If the Bush administration is under any illusions about the sorry political state of the Iraq war, yesterday’s Senate action should dispel them. A Democratic proposal for a timetable for withdrawal was beaten back 58-40, but Republicans passed their own version to force the administration to make quarterly progress reports to Congress and express its sense that 2006 should be the year when Iraqi security forces take the lead. Substantively, this might not have been particularly objectionable, but politically it was calamitous. It continued the narrative of Bush losing even his own party on Iraq–which is how the headlines have played the vote–and showed that Republicans are afraid to have a fight with Democrats even on ground that should favor them.
The Democrats are ever more explicitly becoming the party of cut-and-run. Only five Democrats voted against setting a timetable for withdrawal. Rather than stand their ground and explain why an exit from Iraq before political and security conditions allow it would be folly, Republicans felt they needed the cover of their own weasely alternative. The letter of the GOP version isn’t damaging. Congress already, after all, gets plenty of progress reports. There is a quarterly State Department report on reconstruction and the status of international cooperation; the Defense department provides a quarterly report called “Measuring Stability and Security in Iraq,” State issues another 60-day report on strategic goals in Iraq, and progress toward meeting them; and there are many others. The secretary of Defense and the chairman of the Joint Chiefs brief Congress in a classified setting about once a month, and the combatant commanders testify publicly on average once a quarter. As for Iraqi security forces taking over, that is already the goal around which American policy is oriented.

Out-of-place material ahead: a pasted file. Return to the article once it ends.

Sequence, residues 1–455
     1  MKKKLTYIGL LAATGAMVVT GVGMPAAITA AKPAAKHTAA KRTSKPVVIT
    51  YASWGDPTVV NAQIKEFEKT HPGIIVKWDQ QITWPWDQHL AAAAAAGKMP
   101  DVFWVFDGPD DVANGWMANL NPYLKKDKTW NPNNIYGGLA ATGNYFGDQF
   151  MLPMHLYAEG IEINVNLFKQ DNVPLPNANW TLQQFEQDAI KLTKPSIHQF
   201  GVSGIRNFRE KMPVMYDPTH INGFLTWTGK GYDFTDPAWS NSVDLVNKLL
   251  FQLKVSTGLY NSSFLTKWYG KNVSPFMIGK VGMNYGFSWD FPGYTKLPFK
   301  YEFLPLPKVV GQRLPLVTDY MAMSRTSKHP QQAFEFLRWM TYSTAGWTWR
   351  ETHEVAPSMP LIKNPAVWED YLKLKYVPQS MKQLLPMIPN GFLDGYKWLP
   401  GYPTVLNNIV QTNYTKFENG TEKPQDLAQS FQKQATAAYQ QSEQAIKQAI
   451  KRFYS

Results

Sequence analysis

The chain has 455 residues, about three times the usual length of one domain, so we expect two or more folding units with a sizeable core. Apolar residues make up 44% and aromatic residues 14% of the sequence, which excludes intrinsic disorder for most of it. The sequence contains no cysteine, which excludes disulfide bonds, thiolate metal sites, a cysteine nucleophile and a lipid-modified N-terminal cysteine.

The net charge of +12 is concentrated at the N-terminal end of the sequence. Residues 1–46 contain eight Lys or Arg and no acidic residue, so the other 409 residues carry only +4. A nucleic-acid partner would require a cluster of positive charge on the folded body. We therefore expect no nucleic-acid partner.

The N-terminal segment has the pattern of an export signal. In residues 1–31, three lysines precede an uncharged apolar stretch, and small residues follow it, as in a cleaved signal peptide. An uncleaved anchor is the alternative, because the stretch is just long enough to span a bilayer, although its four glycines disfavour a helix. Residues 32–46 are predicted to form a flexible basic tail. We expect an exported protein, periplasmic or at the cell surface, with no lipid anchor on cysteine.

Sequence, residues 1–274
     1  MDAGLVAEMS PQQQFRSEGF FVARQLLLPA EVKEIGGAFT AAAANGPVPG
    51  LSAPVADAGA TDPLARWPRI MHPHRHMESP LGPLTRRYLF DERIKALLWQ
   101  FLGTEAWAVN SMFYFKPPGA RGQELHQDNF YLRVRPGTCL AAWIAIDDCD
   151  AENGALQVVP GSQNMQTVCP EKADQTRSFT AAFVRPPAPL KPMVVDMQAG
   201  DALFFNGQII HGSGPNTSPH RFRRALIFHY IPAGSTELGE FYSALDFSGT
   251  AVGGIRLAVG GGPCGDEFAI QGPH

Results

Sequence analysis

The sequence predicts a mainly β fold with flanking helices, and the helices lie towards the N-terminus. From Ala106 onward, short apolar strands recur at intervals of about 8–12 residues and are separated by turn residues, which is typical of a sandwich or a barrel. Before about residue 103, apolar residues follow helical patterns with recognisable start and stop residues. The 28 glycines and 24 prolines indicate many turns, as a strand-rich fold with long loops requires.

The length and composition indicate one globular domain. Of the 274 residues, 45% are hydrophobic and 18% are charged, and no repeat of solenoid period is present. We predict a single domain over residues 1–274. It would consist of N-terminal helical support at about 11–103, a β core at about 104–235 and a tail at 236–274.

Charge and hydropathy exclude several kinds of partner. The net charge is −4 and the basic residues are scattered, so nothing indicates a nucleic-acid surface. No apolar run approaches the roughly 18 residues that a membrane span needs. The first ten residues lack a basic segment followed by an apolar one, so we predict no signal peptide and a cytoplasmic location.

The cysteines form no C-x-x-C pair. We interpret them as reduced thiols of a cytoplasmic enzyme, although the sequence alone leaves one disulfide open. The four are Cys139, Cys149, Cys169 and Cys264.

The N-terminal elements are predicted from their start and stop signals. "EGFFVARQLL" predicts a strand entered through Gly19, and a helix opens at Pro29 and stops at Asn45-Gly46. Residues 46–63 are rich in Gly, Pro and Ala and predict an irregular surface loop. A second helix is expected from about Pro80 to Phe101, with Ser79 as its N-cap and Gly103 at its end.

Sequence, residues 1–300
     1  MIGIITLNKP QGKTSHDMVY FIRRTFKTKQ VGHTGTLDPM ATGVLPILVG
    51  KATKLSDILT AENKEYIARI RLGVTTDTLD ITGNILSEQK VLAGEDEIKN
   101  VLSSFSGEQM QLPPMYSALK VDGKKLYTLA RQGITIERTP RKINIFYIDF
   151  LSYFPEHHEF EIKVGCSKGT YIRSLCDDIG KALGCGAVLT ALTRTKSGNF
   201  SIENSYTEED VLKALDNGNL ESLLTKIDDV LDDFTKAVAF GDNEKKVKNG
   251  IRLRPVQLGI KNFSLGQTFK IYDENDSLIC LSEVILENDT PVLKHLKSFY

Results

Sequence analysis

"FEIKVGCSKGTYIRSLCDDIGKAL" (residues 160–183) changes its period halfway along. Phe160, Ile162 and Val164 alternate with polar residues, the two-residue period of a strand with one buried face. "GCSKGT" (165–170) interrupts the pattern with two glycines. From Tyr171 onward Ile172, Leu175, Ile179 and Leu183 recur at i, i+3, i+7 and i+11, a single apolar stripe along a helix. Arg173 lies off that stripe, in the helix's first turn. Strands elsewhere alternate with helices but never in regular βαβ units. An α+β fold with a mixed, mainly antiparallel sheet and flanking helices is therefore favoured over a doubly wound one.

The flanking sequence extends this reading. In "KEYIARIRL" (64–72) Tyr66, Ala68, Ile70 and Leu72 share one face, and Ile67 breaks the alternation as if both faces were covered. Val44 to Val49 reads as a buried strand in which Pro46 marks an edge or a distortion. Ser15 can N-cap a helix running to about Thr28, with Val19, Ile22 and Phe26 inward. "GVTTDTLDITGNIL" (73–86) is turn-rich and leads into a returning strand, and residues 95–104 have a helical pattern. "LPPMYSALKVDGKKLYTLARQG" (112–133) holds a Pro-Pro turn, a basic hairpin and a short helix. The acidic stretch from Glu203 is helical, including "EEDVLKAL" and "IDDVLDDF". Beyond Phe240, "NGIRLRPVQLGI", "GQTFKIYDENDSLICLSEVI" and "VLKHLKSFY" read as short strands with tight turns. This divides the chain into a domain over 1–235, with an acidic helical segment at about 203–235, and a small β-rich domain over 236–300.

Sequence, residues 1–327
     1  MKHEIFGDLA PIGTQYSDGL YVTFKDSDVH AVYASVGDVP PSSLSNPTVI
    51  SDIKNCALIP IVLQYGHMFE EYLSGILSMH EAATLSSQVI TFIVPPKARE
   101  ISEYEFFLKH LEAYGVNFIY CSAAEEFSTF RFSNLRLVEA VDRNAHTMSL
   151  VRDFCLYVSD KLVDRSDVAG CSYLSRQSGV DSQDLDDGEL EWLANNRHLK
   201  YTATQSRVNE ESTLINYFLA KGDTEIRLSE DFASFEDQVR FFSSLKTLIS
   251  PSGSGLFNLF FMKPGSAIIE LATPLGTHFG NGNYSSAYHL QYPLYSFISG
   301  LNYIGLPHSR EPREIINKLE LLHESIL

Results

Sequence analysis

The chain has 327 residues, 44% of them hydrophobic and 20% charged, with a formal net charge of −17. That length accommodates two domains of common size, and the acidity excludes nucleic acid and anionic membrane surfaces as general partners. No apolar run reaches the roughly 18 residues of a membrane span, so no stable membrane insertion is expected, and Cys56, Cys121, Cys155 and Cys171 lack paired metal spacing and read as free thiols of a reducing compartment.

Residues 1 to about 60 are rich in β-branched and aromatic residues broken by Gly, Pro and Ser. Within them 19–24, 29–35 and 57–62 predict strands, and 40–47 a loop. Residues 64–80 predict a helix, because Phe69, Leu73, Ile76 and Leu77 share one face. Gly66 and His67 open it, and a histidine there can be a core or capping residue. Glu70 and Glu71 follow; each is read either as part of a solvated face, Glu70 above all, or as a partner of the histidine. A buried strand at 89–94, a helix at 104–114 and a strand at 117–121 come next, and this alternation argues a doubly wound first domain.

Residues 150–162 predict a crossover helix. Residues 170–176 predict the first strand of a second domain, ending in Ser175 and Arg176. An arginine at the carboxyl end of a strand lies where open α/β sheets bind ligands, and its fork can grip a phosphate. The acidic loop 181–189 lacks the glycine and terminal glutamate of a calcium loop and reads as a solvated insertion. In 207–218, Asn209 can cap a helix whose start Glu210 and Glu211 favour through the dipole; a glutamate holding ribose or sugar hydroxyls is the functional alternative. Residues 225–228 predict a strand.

It is the spirit of the thing that is so damaging. It says that Democrats hold the whip hand on Iraq, and the insurgents’ most important strategic center of gravity, Washington, is in danger of being lost. After 30 years straight of warning of another Vietnam, liberals might finally have the repeat of that war they have so often warned about. “American attitudes on Iraq similar to those in Vietnam,” reads a front-page headline in Wednesday’s edition of USA Today. Although the administration has finally begun to fight back against the charge that Bush lied the U.S. into the war, it is still not on the crisis political and communications footing that the moment demands. Iraq is a little like a Katrina every day, undermining the public’s confidence in the administration’s competence and stewardship of the country. There is no substitute for actual progress in Iraq–and we still aren’t convinced that the U.S. government has the sense of urgency about achieving it that it should–but the argument for the war must be made constantly, with intelligence and rigor.
Here the administration continues to fall down. And it is here–in the political fight over Iraq–that the administration truly needs allies. Instead, like the “Sunshine Patriots” of yore, it has “Sunshine Senators” on its side. Only 13 Republicans–an honor roll including John McCain and Jon Kyl, and notably missing George Allen–voted against the GOP alternative. Most Republicans figure they are helping themselves when they, as so much of the media put it, “rebuke” Bush on the war. They are really undermining a president and a war that they are, like it or not, tremendously invested in, and hastening their own exit strategy as a majority.